Gut Balance: Signs of an Unhealthy Gut and What To Do About It
Gut and Skin Health Expert Blog | The Y Collection

Gut Balance: Signs of an Unhealthy Gut and What To Do About It

by Jelena Vulevic on Dec 13, 2022

Although it is impossible, even for the most healthy individuals, to feel good all the time, some of us experience regular physical discomfort without realising the source of the problem. The good news is that, in many cases, these issues can be improved or even eliminated with a few changes to our personal habits. 

In this blog, we are going to help you assess your gut health and, should your unpleasant symptoms be stemming from a poorly-functioning digestive system, show you what you can do to try and solve them. 

Finding gut balance is possible. Learn more about how Y GUT sensitive can help. 

What Is Gut Health And Why Does It Matter? 

Contrary to what many believe, gut health isn’t just about good digestion. Our gastrointestinal (GI) tract is responsible for a number of functions that go way beyond processing the food we eat and eliminating unwanted substances. Fully connected to different areas of the body, our digestive system is home to an enormous number of microorganisms, called microbiota, which play a significant part in the state of our overall health. It influences our ability to fight disease everywhere in the body, the ageing processes of our skin and brain, and many other aspects that determine a person's sense of well-being. In summary, how good you feel is closely related to how well your gut is working. 

What are some of the symptoms associated with an unhealthy gut?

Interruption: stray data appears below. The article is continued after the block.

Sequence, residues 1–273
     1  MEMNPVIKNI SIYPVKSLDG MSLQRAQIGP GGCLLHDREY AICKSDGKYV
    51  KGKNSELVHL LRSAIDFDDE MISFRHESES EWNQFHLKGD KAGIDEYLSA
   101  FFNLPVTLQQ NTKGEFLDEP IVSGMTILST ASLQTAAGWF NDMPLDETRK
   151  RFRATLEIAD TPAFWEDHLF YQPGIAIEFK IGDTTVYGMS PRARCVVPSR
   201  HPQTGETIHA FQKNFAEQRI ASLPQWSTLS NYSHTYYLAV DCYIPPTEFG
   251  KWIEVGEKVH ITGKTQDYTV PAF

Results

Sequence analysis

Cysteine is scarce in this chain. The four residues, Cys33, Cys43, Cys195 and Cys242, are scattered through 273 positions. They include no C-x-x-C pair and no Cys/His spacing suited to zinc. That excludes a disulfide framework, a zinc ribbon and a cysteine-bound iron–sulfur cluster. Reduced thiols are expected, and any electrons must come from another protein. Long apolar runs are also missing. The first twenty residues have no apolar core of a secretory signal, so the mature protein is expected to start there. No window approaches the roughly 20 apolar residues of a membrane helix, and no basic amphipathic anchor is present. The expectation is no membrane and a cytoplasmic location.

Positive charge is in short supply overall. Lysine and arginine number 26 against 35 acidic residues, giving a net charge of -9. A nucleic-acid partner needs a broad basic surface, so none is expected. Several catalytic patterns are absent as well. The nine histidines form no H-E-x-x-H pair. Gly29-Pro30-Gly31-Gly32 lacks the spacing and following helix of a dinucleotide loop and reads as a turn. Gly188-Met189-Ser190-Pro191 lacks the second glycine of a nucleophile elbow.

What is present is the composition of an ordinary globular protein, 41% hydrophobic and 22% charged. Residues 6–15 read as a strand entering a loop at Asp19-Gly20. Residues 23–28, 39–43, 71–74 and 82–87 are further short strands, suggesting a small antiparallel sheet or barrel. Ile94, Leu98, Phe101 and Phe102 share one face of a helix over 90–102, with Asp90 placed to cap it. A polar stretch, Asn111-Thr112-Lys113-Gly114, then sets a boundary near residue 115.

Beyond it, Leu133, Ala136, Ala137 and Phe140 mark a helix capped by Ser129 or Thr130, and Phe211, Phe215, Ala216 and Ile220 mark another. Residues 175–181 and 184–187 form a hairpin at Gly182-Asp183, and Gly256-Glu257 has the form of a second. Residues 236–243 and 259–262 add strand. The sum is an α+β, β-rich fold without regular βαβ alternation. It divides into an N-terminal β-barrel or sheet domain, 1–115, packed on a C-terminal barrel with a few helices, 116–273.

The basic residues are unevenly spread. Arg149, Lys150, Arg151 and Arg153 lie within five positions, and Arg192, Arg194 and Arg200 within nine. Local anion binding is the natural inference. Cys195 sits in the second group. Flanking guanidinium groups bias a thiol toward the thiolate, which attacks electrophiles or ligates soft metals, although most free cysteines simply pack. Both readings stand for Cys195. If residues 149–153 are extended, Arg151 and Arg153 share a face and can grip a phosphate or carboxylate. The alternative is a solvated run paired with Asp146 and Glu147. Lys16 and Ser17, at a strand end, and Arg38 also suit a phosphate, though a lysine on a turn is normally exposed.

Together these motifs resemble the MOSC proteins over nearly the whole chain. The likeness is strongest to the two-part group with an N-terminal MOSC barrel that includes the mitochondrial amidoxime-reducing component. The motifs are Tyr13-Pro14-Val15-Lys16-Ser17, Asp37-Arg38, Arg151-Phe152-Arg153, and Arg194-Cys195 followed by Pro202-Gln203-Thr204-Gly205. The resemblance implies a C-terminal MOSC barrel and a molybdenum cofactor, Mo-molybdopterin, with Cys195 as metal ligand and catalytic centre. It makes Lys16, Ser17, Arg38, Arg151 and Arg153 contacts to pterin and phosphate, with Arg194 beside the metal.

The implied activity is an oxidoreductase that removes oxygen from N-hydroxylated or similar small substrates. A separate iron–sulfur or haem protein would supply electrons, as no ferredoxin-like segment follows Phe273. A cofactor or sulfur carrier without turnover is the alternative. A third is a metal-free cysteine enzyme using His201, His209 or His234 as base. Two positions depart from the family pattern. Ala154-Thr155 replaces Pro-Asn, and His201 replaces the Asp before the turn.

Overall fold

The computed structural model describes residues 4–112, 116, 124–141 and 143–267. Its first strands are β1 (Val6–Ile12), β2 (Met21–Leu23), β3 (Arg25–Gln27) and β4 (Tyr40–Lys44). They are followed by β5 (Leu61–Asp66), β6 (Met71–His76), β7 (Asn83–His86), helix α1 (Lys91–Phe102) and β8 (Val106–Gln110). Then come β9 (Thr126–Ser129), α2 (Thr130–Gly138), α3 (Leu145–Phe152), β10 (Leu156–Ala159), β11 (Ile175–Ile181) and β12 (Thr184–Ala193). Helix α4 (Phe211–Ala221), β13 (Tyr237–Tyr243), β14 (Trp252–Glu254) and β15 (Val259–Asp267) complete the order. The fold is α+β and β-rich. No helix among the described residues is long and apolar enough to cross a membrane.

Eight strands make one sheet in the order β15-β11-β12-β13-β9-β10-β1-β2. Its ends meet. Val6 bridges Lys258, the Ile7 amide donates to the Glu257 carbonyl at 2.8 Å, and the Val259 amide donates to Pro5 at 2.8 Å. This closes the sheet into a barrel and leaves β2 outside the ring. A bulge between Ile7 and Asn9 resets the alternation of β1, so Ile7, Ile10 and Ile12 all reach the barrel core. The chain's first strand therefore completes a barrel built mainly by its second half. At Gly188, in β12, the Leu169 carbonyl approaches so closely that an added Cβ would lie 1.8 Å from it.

Unfortunately, gut issues are not exactly rare among the human species, which means that most of us will have experienced the most common signs of a malfunctioning digestive tract. These would be things like irregular bowel movements, constipation, diarrhoea, bloating and even cramps. However, other symptoms, which we normally wouldn't associate with our digestive function, might actually be a strong indication that our gut balance is off. Some of the lesser-known signs of an unhealthy gut would be the following: 

  • Headaches and migraines
  • Changes in mood
  • Sleep issues
  • Fatigue
  • Food cravings
  • Allergies

Skin problems are also not a rare occurrence when dealing with gut issues, as a result of the Gut-Skin axis, which stands for the very special relationship established between the trillions of microorganisms that make up our skin and those in our gut, and their constant interaction. 

The full list of symptoms which can derive from poor gut health is a lengthy one, and some studies suggest that it could be responsible for more complex issues such as unintentional weight changes and even the occurrence of certain autoimmune conditions

How Do I Check My Gut Health? 

Some people will argue that many, if not all of the symptoms we have mentioned above could be provoked by other conditions that are not related to our gastrointestinal tract, and they would be correct. The point here is that, since we know that the digestive system has such an important impact on several areas of the body, if you are feeling unwell, it's usually a good idea to start by checking on your gut balance. 

Not sure how healthy your gut is? Don't worry. A few simple checks can give you an idea of what's going on inside your intestines. Begin by taking note of how your body is working and trying to answer some of the questions below.

How Often Do You Go to The Toilet?